Editor's Note

Chapter: Vol.4 No.1
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Environmental education is one of the most effective strategies for increasing general levels of public environmental awareness, developing skills for solving environmental problems, and maintaining and improving quality of life and the environment.

The word “Environmental Education” originates from the founding meeting of IUCN (International Union for Conservation of Nature and Natural Resources) in 19481. Initially its issue was focused on conservation and the balance in nature. Since then, the field of environmental education progressed to deal with concerns of times; in 1960s, pollution problems surfaced the relationship between environment and human health; in 1970s, the oil shock alarmed the earth’s limited resources; in 1980s ozone hole was discovered and environmental problems requiring a global conscientious were recognized.

In recent years, the notion of environmental education expands further. In 1997, Thessaloniki Declaration stated that “environmental education has also been dealt with as education for sustainability. This allows that it may also be referred to as education for environment and sustainability.” “The concept of sustainability encompasses not only environment but also poverty, population, health, food security, democracy, human rights and peace.”

Covering such wide range of issues, it can be said that environmental education consists of unity and harmony: people to people, people to society, people to nature, at all levels from local to global. It is not limited to conventional education in a classroom, but extends out to people of all ages at all places. It requires a long term perspective, comprehensive understanding, and a care for the future generations.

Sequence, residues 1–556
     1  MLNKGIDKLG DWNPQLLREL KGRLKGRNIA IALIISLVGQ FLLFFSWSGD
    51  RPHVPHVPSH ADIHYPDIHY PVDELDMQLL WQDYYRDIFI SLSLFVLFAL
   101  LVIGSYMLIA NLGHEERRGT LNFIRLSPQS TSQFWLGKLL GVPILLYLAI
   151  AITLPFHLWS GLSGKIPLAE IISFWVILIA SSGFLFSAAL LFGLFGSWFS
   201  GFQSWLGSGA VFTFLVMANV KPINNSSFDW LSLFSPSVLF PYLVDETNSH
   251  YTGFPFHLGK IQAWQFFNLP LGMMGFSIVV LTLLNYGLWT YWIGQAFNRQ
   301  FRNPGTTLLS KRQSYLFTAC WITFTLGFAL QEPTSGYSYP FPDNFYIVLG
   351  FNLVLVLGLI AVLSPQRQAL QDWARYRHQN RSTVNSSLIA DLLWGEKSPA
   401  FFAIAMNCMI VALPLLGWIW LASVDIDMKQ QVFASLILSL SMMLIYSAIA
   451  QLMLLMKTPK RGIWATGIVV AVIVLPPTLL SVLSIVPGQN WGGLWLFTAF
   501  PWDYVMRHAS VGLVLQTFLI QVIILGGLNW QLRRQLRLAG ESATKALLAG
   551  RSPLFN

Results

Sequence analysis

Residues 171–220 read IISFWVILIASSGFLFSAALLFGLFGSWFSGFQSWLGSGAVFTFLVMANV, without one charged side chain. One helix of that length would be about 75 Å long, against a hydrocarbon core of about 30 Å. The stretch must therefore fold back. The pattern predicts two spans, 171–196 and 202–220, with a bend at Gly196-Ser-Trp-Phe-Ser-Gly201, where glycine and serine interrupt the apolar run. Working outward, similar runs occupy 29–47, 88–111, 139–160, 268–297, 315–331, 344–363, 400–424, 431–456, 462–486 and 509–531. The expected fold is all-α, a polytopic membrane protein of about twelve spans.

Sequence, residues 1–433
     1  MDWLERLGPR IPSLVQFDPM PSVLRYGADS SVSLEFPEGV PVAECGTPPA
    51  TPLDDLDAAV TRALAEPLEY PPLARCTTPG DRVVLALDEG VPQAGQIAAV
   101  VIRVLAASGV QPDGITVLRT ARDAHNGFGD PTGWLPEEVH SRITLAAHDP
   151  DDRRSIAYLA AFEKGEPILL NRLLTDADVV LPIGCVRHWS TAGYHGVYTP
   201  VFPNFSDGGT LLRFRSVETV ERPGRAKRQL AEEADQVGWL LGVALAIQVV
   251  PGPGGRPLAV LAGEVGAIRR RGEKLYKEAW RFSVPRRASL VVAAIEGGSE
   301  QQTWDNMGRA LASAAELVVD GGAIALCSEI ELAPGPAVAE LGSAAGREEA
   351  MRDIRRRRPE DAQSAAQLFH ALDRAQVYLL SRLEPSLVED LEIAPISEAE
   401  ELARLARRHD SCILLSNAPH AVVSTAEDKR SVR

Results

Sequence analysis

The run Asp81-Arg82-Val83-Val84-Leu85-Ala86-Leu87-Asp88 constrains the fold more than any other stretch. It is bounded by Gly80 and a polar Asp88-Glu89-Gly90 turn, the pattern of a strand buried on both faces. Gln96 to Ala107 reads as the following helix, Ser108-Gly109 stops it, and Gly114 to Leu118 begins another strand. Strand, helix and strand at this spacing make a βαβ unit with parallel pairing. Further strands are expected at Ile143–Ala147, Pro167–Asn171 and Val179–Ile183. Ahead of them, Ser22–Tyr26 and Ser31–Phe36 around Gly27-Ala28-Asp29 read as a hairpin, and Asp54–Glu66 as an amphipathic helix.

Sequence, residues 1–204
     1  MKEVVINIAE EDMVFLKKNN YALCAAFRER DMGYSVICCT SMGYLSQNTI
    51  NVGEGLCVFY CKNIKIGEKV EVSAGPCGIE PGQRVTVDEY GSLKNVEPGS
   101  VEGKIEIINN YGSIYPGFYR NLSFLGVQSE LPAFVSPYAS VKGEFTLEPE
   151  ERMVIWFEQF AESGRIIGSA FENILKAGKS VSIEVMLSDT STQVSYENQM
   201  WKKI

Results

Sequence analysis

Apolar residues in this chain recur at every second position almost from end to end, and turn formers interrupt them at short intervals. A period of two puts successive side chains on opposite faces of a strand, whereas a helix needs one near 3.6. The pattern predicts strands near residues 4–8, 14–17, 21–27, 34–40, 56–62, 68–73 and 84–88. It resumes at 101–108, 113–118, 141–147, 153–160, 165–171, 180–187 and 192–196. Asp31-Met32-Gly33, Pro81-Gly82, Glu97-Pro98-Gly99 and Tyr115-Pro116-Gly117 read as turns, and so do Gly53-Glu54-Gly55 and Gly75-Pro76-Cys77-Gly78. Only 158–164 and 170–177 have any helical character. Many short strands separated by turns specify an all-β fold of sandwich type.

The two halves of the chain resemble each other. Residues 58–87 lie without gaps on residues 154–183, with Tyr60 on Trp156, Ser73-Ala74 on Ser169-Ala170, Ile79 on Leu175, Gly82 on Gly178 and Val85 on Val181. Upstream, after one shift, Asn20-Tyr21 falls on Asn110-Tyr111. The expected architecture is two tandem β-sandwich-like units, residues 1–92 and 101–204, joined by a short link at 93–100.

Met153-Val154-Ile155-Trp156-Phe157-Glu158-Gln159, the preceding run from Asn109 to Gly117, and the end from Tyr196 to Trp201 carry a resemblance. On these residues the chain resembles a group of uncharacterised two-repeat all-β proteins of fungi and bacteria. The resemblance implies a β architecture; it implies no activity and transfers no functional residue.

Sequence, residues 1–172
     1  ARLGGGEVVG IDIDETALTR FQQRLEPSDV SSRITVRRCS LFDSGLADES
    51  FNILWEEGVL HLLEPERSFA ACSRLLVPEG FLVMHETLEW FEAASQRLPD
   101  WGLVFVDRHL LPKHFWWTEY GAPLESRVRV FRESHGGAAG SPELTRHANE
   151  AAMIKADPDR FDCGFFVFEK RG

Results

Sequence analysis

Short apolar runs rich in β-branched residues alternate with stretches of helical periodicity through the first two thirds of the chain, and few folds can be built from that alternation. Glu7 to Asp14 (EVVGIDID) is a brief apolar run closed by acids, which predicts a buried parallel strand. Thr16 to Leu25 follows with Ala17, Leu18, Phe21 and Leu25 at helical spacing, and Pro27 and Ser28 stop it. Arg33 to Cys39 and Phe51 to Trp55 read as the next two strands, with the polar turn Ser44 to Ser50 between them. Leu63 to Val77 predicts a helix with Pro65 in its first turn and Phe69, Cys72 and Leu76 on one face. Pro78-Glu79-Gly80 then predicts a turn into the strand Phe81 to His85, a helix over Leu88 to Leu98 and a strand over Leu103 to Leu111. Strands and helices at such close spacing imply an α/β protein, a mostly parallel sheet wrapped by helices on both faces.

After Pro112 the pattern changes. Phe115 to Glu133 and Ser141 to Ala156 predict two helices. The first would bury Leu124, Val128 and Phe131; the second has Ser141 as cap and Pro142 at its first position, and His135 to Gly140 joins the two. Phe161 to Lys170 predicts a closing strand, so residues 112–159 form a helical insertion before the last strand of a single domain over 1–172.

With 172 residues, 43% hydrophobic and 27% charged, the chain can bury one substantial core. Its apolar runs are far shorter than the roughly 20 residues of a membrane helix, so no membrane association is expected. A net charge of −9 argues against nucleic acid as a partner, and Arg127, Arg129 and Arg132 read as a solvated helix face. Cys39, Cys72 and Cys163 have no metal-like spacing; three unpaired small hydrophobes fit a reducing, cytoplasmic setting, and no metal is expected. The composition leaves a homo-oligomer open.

In recognition of the world’s growing interest in environmental education, in this issue of IRES a number of experts have been invited to introduce our readers to innovations in this field.

The first contribution, an essay from John Fien, Director of the Griffith University EcoCentre in Australia, addresses the education for a sustainable future in light of the upcoming United Nations International Decade of Education for Sustainable Development (2005-2014) and discusses some of the achievements and lessons learned from the past decade of educational innovation in order to identify the critical issues and challenges facing education reform and possible ways forward. Next, Ryokichi Hirono, Professor Emeritus at Seikei University, looks at reorienting international development in order to accelerate poverty reduction and ensure sustainability as this century’s top development goals and, in
the process, reviews the current state of affairs in developing Asia-Pacific countries in terms of poverty and environmental deterioration, including an assessment of the progress made so far in dealing with these critical issues.

Mahesh Pradhan, Regional Environmental Affairs Officer at UNEP’s Regional Office for Asia and the Pacific, outlines in his essay the role and contributions of the United Nations Environment Programme in promoting regional cooperation on environmental education and training at the global, regional, and sub-regional levels in the Asia-Pacific region.

Next, authors Daniella Tilbury, Wendy Goldstein, and Lisa Ryan, from the IUCN Commission on Education and Communication and Macquarie University, point to the increasing influence and responsibilities of NGOs in ensuring that international and national commitments are implemented and discuss the roles, contributions, and future opportunities for NGOs in the Asia-Pacific region towards environmental education for sustainable development.